On-Campus Forest Now a Student-Faculty Research Preserve
Not many people know that on the north side of Lebanon Valley College’s campus, behind the facilities services barn, lies a 20-acre forest that has served as an academic resource for students and faculty since 2008.
Home to various wildlife including flying squirrels, coyotes, and whitetail deer, students use this woodlot to conduct forest vegetation samplings, survey animal communities, and determine the impacts of invasive species, for both individual and class-related purposes.
Previously known as the Rohland Woods, the on-campus woodlot is an example of a “biological island,” meaning that it is not connected to a larger forest. More importantly, it provides a home for species that are unable to live in fields, parking lots, or other nearby environments. To preserve and protect the biodiversity of this ecosystem as well as continue to let it serve as a resource for LVC students and faculty, the Biology Department worked with the Sustainability Advisory Committee to get its conservation approved, officially renaming it the Wood Thrush Research Preserve at Rohland Farm.
This new feature will help set LVC apart from other schools with similar curricula, because unlike most, LVC’s research preserve is conveniently located within walking distance from campus. The preserve provides opportunities for students and faculty to conduct field research right in LVC’s backyard, and with the recent addition of the environmental science major, even more students will benefit from this living laboratory.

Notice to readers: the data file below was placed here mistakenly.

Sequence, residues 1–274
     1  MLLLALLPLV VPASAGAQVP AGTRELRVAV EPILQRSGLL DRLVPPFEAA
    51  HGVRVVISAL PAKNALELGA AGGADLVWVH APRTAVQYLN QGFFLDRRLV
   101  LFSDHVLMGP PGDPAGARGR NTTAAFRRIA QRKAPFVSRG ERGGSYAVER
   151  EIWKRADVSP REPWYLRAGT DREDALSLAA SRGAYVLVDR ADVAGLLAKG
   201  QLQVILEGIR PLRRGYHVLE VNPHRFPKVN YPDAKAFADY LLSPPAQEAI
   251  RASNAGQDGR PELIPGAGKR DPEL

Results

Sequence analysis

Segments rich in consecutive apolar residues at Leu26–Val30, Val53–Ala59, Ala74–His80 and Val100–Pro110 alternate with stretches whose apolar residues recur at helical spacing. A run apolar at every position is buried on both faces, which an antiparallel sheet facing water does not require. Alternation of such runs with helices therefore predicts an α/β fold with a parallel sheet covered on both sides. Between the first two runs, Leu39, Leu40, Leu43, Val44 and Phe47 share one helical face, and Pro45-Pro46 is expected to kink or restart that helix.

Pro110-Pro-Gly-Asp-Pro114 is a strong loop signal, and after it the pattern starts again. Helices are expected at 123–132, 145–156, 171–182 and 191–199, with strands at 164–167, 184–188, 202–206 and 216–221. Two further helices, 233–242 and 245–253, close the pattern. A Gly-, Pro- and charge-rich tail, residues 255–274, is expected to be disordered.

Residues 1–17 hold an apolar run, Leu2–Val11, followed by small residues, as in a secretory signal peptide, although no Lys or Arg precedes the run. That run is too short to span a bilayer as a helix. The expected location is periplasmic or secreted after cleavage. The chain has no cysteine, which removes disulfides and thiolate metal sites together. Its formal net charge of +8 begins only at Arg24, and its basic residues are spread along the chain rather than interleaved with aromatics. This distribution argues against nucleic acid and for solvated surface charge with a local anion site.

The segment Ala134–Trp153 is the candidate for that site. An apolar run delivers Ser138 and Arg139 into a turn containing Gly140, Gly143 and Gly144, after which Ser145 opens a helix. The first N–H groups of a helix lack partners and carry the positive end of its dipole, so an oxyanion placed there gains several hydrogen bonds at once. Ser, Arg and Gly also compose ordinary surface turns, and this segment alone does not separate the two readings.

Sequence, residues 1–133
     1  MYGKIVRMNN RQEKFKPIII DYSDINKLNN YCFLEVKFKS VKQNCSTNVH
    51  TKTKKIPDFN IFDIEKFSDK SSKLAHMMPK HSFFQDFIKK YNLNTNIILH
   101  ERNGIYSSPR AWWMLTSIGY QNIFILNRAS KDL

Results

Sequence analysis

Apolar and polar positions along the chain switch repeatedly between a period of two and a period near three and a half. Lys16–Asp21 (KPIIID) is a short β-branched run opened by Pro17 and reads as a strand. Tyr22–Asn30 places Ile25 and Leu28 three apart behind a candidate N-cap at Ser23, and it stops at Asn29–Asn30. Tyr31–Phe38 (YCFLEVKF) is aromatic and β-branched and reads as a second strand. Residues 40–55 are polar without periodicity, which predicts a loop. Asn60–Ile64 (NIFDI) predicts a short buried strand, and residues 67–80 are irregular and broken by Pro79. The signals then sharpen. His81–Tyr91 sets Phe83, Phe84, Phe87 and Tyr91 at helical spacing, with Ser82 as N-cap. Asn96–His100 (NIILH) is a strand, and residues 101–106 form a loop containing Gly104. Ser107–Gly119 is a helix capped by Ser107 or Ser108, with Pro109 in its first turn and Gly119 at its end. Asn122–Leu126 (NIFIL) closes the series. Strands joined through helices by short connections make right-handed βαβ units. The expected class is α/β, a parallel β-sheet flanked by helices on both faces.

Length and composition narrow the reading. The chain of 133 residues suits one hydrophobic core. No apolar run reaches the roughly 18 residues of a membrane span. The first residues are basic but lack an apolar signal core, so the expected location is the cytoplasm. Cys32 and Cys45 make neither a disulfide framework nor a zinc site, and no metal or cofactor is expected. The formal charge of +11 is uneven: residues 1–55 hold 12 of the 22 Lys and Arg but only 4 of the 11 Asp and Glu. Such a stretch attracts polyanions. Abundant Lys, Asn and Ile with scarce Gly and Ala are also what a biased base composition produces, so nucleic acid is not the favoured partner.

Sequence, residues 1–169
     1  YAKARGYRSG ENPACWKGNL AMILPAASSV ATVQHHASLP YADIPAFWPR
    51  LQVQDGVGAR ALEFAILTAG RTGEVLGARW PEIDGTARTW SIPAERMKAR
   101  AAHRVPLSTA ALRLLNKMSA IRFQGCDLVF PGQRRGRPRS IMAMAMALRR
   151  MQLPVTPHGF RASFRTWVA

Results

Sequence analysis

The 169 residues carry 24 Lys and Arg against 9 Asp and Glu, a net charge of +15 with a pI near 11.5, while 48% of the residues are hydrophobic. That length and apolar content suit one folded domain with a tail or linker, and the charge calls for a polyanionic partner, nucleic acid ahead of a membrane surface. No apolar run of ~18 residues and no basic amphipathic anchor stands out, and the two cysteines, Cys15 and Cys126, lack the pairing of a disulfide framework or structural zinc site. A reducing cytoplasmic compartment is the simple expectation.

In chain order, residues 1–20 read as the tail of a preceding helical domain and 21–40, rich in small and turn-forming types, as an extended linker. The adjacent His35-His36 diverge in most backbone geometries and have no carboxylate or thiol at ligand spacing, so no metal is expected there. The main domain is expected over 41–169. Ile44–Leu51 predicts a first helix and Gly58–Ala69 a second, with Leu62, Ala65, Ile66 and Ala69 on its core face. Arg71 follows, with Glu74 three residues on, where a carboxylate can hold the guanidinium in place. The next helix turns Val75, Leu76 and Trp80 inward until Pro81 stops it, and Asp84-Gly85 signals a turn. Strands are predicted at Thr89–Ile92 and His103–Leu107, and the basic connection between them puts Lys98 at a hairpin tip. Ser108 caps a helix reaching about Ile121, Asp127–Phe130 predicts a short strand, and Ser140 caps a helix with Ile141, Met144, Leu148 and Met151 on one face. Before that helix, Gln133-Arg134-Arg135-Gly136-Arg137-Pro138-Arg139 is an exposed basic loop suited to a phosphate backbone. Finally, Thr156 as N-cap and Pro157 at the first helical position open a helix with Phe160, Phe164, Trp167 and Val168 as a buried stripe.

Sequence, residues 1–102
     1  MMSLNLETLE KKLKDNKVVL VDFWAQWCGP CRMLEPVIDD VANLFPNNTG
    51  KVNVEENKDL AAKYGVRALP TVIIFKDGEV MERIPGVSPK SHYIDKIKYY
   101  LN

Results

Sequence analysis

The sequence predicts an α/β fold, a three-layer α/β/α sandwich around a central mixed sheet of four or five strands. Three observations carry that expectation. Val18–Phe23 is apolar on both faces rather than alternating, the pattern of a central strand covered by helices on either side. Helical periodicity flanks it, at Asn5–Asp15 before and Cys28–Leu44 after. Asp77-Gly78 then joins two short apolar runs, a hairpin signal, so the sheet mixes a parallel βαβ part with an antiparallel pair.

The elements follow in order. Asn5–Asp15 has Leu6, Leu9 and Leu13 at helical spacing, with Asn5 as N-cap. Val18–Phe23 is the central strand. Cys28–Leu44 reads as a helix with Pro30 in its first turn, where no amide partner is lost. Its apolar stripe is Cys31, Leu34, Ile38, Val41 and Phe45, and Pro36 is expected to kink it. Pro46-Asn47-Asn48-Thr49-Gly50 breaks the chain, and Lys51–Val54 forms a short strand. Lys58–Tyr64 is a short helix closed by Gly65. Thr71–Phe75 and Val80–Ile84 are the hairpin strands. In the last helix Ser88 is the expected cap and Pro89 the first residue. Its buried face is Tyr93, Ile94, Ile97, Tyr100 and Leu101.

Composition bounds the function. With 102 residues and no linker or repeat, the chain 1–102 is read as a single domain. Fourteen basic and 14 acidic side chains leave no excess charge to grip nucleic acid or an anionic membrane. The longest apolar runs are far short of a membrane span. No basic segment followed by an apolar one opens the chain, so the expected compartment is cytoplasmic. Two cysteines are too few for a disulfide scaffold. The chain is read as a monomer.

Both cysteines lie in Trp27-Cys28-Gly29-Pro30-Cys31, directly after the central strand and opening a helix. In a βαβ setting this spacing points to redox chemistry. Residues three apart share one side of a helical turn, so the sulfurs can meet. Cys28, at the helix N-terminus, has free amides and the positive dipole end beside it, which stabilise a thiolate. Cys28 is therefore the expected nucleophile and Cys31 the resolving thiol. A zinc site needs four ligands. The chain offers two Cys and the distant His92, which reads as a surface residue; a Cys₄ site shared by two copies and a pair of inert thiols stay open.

“I am most excited about how the preserve will strengthen LVC’s new environmental science major,” said Dr. Rebecca Urban, associate professor of biology. “While other colleges and universities have field sites, few are so conveniently located near campus. Students don’t need to worry about finding transportation to take them to a field site for independent research, and they can also enjoy a relaxing walk in the woods between classes.”
In addition to providing academic opportunities, the Wood Thrush Research Preserve will aid in furthering LVC’s environmental initiatives.
“The preserve will help conserve the biodiversity of an eastern deciduous forest ecosystem,” Urban added. “The woods are dominated by oak, hickory, white ash, tulip poplar, and American beech, which all help provide habitat for a variety of animal life.”
The area’s official preservation will open up even more opportunities for future classes, individual research, and environmental initiatives. The woodlot will be monitored by the Biology Department, but it will continue to be available as a resource for the larger LVC community.